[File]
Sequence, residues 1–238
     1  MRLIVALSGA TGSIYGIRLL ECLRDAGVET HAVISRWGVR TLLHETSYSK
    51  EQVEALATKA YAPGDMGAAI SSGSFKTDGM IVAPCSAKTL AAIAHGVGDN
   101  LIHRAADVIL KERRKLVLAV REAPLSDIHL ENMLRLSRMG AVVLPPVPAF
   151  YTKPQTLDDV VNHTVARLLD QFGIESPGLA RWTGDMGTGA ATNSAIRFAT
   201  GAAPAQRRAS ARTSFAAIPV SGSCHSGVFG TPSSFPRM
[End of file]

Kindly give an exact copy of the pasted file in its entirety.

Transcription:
Sequence, residues 1–238
     1  MRLIVALSGA TGSIYGIRLL ECLRDAGVET HAVISRWGVR TLLHETSYSK
    51  EQVEALATKA YAPGDMGAAI SSGSFKTDGM IVAPCSAKTL AAIAHGVGDN
   101  LIHRAADVIL KERRKLVLAV REAPLSDIHL ENMLRLSRMG AVVLPPVPAF
   151  YTKPQTLDDV VNHTVARLLD QFGIESPGLA RWTGDMGTGA ATNSAIRFAT
   201  GAAPAQRRAS ARTSFAAIPV SGSCHSGVFG TPSSFPRM